One of Kaiser's advantages in delivering this new model, Dr. Johnson stated, is their status as an integrated delivery system. "By being in charge of all aspects of care, Kaiser is able to implement programs where other systems can't: Specifically, the financial incentives are aligned, communication between providers is easier, and the information system (regarding medical utilization) is available to document the desired changes.

Dr. Johnson believes that three kinds of information are needed to build a business case for behavioral medicine interventions or an integrated primary care system. They are as follows:

1. Encounter data showing that these interventions reduce the cost of care;

2. Documentation of change in health status documentation to show treatment superiority;

3. Member satisfaction information indicating satisfaction with services.

Dr. Johnson noted that without such information, skeptics are not easily swayed. "Innovators are held to a higher standard of proof than those who are defending the status quo." Dr. Johnson pointed out that this information is often not readily accessible within an organization and often not available at all. Obtaining this information, though, is often a critical first step.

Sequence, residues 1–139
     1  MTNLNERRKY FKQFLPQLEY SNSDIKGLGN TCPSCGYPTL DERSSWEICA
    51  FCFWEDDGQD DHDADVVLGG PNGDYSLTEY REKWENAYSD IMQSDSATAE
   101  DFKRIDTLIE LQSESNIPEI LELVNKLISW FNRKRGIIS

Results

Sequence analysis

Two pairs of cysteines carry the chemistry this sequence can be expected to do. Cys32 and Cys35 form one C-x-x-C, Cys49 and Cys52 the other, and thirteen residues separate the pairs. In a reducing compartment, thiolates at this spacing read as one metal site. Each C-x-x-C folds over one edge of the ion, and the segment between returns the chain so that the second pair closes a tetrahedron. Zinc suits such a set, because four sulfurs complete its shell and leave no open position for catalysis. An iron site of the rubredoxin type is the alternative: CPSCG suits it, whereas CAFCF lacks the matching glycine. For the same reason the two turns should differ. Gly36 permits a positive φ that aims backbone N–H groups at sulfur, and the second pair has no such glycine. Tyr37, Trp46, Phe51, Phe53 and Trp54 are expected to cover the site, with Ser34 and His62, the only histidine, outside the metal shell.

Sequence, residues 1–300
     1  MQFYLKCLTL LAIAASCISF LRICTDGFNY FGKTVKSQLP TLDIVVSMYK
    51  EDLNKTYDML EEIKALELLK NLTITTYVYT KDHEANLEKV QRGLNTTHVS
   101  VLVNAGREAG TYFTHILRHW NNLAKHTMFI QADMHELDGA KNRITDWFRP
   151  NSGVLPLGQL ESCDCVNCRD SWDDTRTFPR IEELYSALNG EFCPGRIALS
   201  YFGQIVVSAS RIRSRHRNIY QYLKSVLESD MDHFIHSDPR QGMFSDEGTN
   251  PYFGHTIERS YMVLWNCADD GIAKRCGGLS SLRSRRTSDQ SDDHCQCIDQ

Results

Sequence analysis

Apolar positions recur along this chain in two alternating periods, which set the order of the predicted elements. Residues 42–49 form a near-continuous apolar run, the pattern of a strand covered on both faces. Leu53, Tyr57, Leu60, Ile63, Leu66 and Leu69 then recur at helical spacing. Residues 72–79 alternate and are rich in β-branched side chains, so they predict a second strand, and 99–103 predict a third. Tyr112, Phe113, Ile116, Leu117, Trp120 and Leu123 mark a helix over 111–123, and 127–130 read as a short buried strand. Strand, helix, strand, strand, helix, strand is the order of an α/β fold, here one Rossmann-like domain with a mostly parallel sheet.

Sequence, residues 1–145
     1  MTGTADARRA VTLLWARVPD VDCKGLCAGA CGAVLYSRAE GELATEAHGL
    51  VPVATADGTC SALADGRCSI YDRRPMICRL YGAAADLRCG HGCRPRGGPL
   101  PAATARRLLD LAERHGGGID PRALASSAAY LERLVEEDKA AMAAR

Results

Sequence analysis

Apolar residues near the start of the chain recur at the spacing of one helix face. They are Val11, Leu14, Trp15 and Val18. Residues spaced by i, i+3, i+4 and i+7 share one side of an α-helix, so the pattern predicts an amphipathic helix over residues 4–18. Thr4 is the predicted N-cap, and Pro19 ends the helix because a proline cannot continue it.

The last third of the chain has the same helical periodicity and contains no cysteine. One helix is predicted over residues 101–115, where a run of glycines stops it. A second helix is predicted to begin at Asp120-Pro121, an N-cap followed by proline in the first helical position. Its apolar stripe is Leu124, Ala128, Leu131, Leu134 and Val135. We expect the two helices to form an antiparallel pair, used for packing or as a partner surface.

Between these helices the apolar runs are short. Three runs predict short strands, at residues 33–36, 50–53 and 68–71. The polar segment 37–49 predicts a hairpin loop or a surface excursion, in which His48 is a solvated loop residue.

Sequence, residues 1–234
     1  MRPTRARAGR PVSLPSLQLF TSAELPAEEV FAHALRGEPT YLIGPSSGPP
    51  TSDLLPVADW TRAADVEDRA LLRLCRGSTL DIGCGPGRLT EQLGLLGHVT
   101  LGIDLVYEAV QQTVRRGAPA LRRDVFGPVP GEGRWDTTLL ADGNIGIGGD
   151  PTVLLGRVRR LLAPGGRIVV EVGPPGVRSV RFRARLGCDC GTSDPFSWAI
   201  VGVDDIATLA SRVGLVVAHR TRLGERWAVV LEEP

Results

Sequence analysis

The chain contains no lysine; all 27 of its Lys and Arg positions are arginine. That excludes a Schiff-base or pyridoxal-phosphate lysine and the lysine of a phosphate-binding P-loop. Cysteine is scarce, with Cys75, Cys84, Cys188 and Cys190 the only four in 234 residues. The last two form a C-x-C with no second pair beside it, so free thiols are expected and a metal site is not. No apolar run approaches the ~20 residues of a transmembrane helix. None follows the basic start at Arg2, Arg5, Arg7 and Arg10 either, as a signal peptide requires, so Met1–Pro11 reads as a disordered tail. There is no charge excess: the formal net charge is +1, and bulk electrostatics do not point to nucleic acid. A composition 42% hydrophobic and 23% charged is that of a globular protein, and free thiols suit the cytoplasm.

Overall, Dr. Johnson felt that integrated primary care is an exciting new paradigm. Despite its strong research basis though, and its intuitive appeal, it is not likely to be widely implemented until "early adapters" such as Kaiser have established the business case for such significant changes. "The paradigm shift has begun; the present challenge is for behavioral health professionals to capitalize on this opportunity to cost-effectively improve both the quality of life and health status of an aging population."